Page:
Concerns over post-Brexit plans to replace successful rural investment programme

Cousland Smiddy Heritage HubA rural development programme covering areas of East and Midlothian has succeeded in providing more than £2.5 million in grant funding for 42 local projects over the past six years.


Funded by the European Union and the Scottish Government, Tyne Esk LEADER was set up in 2014 to increase support to rural communities and local business networks. The programme, which is now coming to an end, has played a key role in encouraging innovation and co-operation to help deliver local development projects.

Shared Prosperity Fund

As a result of Brexit, the UK government is proposing to replace all EU Structural Funds (£12.83bn UK wide), including the LEADER Programme, with a new Shared Prosperity Fund.  In alignment with this, the Scottish Government has put forward a Scottish Shared Prosperity Fund proposal for a full 7-year programme from 2021-27. However, the UK Government has announced in its Spending Review that the first phase of the new Shared Prosperity Fund will be a £220m UK pilot for 21-22, followed by a full programme to start in 2022-23.

Loss of funds

“Given the size of the fund, and the fact that the current 2014-20 programme didn’t get started until 2016, this is not likely to happen on that timescale,” said Midlothian Council’s Cabinet Member for Communities and Economic Development, Councillor Russell Imrie. “This will mean a wholesale loss of funds for that year, with a year or more needed to set up the new programmes.


“In turn this will bring even more uncertainty for businesses, farms, community groups and other third sector organisations of the kind who have benefitted so much from the outgoing LEADER Programmes. It is also a major cause for concern that the infrastructure and expertise built up in delivering these programmes will be lost.”

Taking stock

He added: “With funding for the LEADER programme now completely allocated, it’s a good time to take stock of what’s been achieved. The programme has had a tremendous record of success in our area, taking forward innovative rural development projects, encouraging diversification and enterprise and in creating new jobs.”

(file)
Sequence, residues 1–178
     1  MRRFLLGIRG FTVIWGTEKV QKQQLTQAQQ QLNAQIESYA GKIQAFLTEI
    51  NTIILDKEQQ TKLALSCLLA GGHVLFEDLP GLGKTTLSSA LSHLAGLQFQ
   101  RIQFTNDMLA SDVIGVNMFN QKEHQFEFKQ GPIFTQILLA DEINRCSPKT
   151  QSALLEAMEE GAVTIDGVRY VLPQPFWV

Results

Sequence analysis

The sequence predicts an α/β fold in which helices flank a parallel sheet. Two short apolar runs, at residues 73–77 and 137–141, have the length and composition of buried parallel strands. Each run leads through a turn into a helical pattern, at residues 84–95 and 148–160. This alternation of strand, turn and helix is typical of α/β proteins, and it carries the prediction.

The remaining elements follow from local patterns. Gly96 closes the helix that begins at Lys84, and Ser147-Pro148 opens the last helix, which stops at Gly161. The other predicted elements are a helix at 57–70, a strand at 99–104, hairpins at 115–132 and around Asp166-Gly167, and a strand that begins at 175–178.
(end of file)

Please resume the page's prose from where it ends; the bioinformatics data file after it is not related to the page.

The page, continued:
Rural enterprise

23 of the projects funded by the Tyne Esk LEADER programme were in East Lothian and 18 in Midlothian, with 1 covering both areas. 62 new jobs had been created up to April 2020 as a result of the funding support, the majority of these in farm diversification and rural enterprise.

Match funding

Every £1 of LEADER investment in the Tyne Esk area has also leveraged in £1.44 from other sources. From the £2.4 million in LEADER funding allocated up to November of this year, local projects received a further £3.5 million in match funding.

Midlothian projects

Among the Midlothian projects to have recently received support are Whisky Frames, Rosewell, to help with equipment to improve efficiency and meet zero carbon targets; Cousland Smiddy Heritage Hub, to help restore and upgrade the visitor attraction; Rosewell Nursery, to fund its refurbishment; Melville Golf, to help them relaunch as a family golf centre; Midlothian Sure Start, to employ a fundraising and communications officer and help them become self-sustaining, and Melville Castle Bridge Restoration, to restore a historic bridge on its site.

Project support

Sheena Irving of Cousland Smiddy said: “Receiving funding and project support from Tyne Esk LEADER enabled us to gain match funding from Historic Environment Scotland and the essential permissions needed for the listed building works to be carried out. The final result allows the smiddy to continue as a working space for the tenant farrier, as well as being easily accessible and safe for all visitors to experience the craft demonstrated in its authentic setting.”

Local Action Group

Tyne Esk LEADER is based within Midlothian Council, as the 'Accountable Body'.  It is however, governed by a Local Action Group, a decision making body comprising members from Midlothian and East Lothian. This includes representatives from community groups, rural businesses, voluntary sector organisations, and agriculture, along with advisors from local government and national agencies.


  • Blacksmith, Cousland Smiddy Heritage Hub
  • Photo credit: Eilidh Munro
16 Dec 2020